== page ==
Nothing is known for certain about Muhammad's childhood. The void has gradually become filled with legends which grow ever more beautiful and edifying with the passage of time. Even the earliest -and most moderate accounts must be treated with great caution. When Islam became the religion of a powerful state, precepts were needed to regulate social life. Divergent opinions and interests naturally existed. Political parties also grew up, centred round the Prophet's family and Companions. In addition, a great many people - impelled by curiosity, piety or even historical interest - demanded information about Muhammad's life. Men began to appear who were professional repositories of traditions; they would spread a tale to satisfy this curiosity or that piety, or to provide a ruling as occasion demanded; for the Prophet's deeds had an exemplary value. When he acted in a particular way, it was to show his followers that this was the way all men should act, whether in serious matters such as the finer points of laws of succession (the principles of which were laid down by God himself in the Koran), or on the smallest details of everyday behaviour, like proper table manners. Like our modern historians, the keepers of tradition were expected to quote their sources; but these were oral ones. Such a story came from such a one who in turn had it from another, and so on all the way back to one of the Prophet's contemporaries who had seen him do it or heard him say it. It was of course a simple matter to make up false traditions (the Arabic word is Hadith, meaning `narratives') to sup-port one's own party or opinion. The great Arab historians and jurists knew this perfectly well. They tried to do away with the false traditions - those, for example, where the chain of authorities cited was manifestly impossible - but they made no claims to any degree of certainty. Instead, they were content to repeat contradictory traditions on the same subject, one after the other, quoting their sources for each. It was up to the reader to decide which one he liked to believe. `But God knows best,' they would often add.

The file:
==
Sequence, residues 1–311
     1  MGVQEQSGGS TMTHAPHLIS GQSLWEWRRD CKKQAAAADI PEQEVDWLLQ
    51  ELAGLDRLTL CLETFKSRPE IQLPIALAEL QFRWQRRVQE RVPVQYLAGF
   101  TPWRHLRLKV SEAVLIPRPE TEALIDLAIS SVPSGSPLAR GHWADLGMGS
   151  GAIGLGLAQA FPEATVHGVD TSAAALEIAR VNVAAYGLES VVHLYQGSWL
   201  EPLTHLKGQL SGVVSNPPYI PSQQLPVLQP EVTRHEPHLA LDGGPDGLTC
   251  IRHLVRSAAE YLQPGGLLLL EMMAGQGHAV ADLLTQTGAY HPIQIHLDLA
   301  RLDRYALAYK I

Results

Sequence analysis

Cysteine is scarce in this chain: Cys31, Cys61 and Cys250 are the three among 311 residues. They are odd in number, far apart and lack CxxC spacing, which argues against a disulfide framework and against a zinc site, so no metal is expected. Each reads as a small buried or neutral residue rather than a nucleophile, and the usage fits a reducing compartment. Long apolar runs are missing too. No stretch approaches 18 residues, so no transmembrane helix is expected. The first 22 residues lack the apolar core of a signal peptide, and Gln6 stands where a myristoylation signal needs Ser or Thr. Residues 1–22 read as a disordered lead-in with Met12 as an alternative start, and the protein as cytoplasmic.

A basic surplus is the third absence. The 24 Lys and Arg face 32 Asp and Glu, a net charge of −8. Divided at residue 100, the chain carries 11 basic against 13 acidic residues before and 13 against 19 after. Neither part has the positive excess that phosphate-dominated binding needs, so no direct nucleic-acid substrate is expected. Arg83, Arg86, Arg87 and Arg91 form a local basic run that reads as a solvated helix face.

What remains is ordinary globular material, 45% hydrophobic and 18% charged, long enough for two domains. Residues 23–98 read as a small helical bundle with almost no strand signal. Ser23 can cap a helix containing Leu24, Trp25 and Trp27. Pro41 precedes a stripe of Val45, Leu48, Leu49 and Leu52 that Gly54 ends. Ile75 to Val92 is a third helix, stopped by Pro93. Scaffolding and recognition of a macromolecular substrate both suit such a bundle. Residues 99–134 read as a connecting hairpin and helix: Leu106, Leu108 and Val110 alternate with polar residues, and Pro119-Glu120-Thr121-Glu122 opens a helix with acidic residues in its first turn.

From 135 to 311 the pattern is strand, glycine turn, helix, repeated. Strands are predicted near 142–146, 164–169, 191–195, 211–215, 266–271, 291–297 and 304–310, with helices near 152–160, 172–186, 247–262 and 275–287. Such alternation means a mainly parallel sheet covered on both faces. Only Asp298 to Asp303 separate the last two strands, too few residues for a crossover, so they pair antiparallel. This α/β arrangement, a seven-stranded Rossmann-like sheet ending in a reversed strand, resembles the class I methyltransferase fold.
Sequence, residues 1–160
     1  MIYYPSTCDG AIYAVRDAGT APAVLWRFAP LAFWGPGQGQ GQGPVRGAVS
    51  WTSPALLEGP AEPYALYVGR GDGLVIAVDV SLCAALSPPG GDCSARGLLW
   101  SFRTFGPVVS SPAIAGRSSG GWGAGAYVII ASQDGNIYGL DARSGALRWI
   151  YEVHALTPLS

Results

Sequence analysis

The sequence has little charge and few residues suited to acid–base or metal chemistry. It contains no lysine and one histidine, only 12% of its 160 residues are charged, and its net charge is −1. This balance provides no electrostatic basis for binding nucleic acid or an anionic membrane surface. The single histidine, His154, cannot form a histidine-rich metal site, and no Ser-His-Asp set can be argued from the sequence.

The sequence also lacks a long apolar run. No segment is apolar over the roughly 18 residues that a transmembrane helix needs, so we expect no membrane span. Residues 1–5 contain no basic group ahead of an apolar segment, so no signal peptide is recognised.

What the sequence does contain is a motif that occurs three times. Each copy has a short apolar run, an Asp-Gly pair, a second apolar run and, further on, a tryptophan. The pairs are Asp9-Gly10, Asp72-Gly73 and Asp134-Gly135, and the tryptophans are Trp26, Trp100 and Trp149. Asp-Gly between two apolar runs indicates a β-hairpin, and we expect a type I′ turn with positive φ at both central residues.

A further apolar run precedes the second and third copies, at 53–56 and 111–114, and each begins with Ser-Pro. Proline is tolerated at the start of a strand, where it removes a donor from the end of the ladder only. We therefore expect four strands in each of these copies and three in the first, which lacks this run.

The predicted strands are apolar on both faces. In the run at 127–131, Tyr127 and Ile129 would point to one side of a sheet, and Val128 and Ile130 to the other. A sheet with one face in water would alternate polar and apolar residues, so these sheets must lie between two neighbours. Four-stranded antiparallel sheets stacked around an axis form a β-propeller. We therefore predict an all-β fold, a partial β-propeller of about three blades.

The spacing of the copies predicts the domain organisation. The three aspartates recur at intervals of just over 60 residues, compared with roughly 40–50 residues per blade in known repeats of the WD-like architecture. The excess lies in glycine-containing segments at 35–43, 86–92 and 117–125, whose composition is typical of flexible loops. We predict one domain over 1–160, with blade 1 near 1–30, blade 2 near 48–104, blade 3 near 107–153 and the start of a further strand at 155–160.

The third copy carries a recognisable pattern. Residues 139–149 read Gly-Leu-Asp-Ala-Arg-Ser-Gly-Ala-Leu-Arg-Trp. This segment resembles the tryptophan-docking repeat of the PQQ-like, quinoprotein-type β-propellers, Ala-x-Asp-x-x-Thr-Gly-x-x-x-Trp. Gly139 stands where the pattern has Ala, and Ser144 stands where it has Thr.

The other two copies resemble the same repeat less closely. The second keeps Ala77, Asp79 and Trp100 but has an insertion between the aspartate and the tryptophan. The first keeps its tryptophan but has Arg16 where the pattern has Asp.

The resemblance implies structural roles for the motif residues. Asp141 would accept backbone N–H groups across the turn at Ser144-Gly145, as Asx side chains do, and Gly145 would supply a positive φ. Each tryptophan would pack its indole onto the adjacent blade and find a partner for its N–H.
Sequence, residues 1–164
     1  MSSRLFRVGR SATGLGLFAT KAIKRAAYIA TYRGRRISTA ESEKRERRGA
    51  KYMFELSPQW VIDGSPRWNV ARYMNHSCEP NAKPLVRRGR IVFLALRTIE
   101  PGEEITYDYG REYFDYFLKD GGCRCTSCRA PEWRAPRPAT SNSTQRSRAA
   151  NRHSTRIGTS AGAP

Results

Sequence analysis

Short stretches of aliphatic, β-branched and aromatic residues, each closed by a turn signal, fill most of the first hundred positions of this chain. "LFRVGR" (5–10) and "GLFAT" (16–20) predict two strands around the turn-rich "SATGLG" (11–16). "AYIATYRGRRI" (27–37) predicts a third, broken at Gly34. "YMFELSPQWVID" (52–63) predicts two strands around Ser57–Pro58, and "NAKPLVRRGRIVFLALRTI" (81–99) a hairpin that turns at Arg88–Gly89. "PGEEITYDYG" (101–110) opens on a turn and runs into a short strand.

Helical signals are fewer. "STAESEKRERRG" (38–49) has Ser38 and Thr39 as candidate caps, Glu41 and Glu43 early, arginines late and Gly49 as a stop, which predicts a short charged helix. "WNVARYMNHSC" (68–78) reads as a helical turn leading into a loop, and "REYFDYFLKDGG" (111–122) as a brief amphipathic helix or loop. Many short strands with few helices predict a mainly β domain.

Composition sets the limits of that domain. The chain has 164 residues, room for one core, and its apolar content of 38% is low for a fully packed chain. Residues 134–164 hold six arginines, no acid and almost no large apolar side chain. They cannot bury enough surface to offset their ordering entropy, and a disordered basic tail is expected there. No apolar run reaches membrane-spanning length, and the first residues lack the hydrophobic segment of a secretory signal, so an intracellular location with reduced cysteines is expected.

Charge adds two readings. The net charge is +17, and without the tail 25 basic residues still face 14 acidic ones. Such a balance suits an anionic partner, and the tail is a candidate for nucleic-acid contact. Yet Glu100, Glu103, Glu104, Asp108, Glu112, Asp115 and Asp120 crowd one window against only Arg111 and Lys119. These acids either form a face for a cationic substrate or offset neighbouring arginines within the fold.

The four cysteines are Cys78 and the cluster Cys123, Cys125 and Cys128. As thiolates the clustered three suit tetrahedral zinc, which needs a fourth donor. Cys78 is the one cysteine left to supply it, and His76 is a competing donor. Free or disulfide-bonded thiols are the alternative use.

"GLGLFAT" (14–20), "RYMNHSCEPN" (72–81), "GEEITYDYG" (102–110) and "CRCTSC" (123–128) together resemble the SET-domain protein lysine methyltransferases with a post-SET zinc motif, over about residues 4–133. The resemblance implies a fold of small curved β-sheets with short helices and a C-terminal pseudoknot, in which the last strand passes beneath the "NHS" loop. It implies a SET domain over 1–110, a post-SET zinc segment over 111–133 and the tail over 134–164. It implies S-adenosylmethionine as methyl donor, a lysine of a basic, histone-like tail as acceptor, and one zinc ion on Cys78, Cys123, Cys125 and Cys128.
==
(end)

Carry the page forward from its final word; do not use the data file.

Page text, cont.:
The oldest collections of historical traditions available to us date from about 125 years after the Prophet's lifetime. Much imagination may have gone to work in the meantime. And yet many facts can be established, as the parties who differ most widely are agreed on the main events of the Prophet's life, the names of his Companions and his wives, their kinship and genealogy, as well as on a great many other things, even down to details which are far from remarkable which nobody would have deemed worth inventing. But there are many points on which we are very far from certain; in particular, it is clear that little was known about the early years of Muhammad's life, and that much has been made up about it. I shall occasionally quote some of these tales, whose only virtue from an historical point of view is that they create a picture of a world not unlike that in which the young Muhammad must have grown up, besides giving us some idea of the way in which later Muslims pictured the life of their prophet.